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Old 06-14-11, 10:27 AM   #1
RaisingMN
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Planning my first overnight camping tour with the kids

My kids (5yo boy, 3yo girl) and I have been building up some mileage this Spring and are now planning our first overnight camping tour for saturday/sunday. The route is 24 miles with one moderate climb. There are good rest points every 4-5 miles and the roads have bike lanes or wide shoulders.

The kids ride an Adams tandem pulled by my 80's Univega Sportour. Another family is joining us at the campground and will haul all our camping equipment.

The trick will be to keep the kids happy and cooperative. My daughter (stoker) tends to pinch her brother when she gets bored and things quickly go downhill from there. I've been working on my cruise director skills to keep them entertained.

We'll be carrying: water, snacks, sunscreen, bug repellant, jackets, tire pump, and flat repair kit. Am I forgetting something?

Wish us luck
Glen

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Old 06-14-11, 10:51 AM   #2
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Frisbee, favorite toy, stuff animals, chalk, whatever the kids normally use to play with around the house/playground. Try tying a favorite small toy to each of their handlebars to take their attention off each other. Another idea is "I spy" games. All this just buys some time, so lots of breaks to burn off stream.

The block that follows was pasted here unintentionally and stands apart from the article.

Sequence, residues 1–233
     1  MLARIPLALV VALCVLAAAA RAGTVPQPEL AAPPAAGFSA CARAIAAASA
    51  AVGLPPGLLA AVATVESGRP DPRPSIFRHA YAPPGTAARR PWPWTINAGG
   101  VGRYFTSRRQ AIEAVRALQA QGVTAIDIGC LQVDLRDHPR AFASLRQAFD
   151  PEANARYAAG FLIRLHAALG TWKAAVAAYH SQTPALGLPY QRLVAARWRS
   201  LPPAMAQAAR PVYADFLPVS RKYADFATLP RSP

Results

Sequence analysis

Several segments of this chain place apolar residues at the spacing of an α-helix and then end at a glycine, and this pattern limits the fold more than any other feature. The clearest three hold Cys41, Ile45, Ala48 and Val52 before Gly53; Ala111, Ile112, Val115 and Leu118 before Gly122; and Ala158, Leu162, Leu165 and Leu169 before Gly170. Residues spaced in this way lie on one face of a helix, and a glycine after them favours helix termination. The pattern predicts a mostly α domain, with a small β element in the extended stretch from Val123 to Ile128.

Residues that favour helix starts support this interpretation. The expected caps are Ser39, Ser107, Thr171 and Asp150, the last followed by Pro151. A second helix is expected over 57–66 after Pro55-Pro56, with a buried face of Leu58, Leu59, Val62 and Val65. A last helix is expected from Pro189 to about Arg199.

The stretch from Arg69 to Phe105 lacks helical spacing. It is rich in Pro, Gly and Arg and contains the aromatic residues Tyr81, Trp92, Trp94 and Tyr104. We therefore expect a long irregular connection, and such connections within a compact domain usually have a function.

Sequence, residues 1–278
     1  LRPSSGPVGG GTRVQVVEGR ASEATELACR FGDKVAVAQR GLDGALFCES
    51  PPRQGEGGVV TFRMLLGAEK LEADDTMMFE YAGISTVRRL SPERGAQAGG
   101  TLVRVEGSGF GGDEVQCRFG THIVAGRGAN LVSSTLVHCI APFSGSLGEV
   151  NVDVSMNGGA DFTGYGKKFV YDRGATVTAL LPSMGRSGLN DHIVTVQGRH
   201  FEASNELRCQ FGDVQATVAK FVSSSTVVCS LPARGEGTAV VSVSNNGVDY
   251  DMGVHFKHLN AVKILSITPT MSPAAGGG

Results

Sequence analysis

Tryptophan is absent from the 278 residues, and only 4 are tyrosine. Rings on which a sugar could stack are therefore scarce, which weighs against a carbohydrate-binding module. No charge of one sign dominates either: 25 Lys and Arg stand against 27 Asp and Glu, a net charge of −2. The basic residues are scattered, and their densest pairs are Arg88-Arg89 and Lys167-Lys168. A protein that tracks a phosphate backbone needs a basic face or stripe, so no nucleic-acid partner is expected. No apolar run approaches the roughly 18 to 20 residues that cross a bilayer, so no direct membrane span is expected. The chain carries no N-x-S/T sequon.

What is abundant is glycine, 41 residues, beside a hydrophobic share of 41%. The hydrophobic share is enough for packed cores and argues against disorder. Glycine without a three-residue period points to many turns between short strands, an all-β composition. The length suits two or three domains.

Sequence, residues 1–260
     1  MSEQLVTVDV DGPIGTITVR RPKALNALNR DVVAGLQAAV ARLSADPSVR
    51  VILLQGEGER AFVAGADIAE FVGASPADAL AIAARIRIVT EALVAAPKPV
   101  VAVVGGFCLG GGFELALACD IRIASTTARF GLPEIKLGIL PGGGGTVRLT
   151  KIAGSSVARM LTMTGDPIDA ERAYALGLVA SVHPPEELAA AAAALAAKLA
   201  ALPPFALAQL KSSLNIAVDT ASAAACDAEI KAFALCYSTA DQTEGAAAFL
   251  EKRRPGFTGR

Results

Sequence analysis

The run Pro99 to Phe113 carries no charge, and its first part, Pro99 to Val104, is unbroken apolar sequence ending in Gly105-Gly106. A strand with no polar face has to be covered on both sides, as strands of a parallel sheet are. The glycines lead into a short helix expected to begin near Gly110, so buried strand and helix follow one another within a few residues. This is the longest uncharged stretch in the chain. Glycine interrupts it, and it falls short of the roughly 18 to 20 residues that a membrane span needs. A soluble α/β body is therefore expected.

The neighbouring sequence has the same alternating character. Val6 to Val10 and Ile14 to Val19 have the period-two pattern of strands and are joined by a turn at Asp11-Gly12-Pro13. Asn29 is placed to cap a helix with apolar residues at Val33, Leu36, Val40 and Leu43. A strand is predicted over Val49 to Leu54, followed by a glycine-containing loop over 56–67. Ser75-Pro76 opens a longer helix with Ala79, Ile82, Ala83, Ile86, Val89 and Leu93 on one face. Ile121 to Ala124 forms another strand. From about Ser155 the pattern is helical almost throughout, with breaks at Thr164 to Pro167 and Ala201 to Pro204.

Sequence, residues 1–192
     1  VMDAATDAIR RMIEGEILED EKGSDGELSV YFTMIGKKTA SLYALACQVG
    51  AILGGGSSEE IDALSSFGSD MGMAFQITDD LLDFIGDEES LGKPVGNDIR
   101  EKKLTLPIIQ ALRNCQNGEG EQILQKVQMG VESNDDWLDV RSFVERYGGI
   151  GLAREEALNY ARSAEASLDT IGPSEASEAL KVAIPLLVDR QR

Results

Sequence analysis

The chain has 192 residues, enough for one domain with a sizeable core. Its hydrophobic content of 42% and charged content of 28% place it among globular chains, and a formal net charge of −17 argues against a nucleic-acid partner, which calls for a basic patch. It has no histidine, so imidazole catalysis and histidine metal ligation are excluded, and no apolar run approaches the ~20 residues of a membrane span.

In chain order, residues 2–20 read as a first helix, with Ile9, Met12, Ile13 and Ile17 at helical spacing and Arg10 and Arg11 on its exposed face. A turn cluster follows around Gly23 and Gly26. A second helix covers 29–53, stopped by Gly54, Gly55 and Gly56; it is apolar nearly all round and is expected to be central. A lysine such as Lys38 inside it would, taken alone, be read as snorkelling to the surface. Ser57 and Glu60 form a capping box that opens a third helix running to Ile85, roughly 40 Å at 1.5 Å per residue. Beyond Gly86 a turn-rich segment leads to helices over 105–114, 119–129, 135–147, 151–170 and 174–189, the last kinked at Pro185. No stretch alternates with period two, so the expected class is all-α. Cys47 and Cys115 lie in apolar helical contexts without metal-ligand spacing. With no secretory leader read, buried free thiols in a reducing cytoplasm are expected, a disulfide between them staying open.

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Old 06-14-11, 12:53 PM   #3
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Wow. What a neat, brave idea. Good luck.

My youngest grandkids take a plastic grocery sack with them when we walk. Pick up various treasures along the road. Might consider that. Something to show off when they get to camp.
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Old 06-14-11, 05:27 PM   #4
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"Wow. What a neat, brave idea. Good luck." --Cyclebum

Well put, I wish you luck as well, Glen.

Brad
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Old 06-14-11, 06:43 PM   #5
RaisingMN
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Thanks for the feedback, everyone! I really like the treasure bag idea. We get a lot of mileage out of "I Spy" already, but that reminds me to learn some silly camping songs to teach them en route. Our longest "urban tour" so far has been 19 miles over 6 hours - with plenty of playgrounds, parks, sheltering from a thunderstorm at Dairy Queen, and a movie along the way.

-Glen
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Old 06-14-11, 09:30 PM   #6
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You are ambitious! Having the friends meet you and carrying your gear in their vehicle is great.

Lots of breaks and food, drinks, snack stops, bathroom breaks and playground breaks will help amuse everyone.
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Old 06-18-11, 11:51 PM   #7